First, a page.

Source: Phillips, M. and Phillips, T., 2017. Windrush: The Irresistible Rise of Multi-Racial Britain. HarperCollins: London.

9) The Windrush generation and the reformulation of the social compact in Britain

This dissertation looks at the historical experience of the Windrush generation and the manner in which Britain responded to the challenge of establishing a modicum of social cohesion by articulating a political and legal framework aimed at creating equitable relations between the different ethnic groups. This dissertation will look at the extent to which the promulgation of legislation on race relations since the late 1960s contributed to eliminate the spectrum of institutionalised racism in the United Kingdom

Source: Campbell, K., 2017. A History of the British Isles: Prehistory to the Present. Bloomsbury Academic: London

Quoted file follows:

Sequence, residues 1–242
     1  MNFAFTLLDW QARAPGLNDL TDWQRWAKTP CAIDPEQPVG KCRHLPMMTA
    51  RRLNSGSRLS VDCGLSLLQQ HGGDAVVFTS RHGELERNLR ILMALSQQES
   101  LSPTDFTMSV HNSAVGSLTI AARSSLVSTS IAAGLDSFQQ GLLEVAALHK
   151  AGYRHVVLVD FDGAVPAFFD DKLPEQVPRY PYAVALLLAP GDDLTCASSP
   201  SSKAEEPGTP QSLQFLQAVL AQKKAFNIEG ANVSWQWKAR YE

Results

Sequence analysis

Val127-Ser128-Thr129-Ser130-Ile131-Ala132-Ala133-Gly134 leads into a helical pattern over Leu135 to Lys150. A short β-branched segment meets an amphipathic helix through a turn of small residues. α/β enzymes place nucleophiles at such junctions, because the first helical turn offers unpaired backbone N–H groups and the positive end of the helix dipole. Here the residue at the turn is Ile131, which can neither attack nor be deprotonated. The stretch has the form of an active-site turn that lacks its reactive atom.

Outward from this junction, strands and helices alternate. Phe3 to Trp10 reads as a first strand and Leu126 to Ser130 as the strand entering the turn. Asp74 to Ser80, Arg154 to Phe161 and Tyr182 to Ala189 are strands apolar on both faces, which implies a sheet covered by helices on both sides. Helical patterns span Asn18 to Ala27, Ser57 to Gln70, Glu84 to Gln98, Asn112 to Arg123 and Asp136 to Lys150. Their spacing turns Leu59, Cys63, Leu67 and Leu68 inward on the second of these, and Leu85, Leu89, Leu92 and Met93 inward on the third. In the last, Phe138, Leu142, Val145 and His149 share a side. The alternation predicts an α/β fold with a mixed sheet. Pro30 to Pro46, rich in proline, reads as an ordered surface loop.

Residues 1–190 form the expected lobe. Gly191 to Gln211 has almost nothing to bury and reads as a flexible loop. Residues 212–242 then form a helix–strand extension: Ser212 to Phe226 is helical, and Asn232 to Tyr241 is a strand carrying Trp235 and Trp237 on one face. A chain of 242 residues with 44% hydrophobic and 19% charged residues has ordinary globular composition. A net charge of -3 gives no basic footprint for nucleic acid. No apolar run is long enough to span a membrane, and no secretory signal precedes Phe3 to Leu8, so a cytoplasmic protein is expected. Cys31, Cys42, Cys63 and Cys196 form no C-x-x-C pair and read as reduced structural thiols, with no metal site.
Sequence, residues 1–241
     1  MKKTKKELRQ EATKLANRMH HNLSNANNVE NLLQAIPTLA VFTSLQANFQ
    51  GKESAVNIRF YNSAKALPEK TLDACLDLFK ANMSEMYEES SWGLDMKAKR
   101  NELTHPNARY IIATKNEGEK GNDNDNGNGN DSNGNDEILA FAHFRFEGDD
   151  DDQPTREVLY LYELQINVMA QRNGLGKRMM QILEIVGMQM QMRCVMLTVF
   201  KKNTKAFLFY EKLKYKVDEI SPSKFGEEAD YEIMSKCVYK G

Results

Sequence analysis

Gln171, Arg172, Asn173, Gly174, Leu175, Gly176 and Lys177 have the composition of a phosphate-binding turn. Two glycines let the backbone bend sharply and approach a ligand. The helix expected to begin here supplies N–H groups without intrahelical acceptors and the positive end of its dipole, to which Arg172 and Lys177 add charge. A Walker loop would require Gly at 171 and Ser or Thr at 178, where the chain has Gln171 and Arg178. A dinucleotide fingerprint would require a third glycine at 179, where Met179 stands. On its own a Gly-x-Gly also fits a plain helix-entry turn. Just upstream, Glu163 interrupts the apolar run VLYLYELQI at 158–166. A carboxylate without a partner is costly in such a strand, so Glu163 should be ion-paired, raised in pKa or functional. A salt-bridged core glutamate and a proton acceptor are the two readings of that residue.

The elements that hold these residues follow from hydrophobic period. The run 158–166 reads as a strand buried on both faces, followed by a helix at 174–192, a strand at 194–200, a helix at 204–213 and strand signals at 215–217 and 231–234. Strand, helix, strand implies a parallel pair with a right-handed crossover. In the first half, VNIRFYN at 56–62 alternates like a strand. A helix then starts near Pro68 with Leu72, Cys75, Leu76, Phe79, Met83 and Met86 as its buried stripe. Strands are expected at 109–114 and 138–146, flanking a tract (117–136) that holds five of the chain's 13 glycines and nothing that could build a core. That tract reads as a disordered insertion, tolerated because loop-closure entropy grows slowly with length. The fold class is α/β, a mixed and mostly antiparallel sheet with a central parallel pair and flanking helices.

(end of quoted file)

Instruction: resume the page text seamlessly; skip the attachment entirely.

10) The Windrush generation and the political and social challenges of multiculturalism

This dissertation will outline a historical analysis of the social and political challenges that affect the population of ethnic origin in Britain, comparing the historical experience of the Windrush generation to the situation that has arisen in the country as a result of the recent nativist turn. In recent times, there has been a cultural backlash against ethnic minorities, prompted by the decision of the electorate to exit the European Union. In this context, there will be an analysis of the extent to which multiculturalism continues to be one of the values that guides the scheme of social relations in the United Kingdom.

Source: Pathak, P., 2017 The Future of Multicultural Britain: Confronting the Progressive Dilemma. Edinburgh University Press: Edinburgh.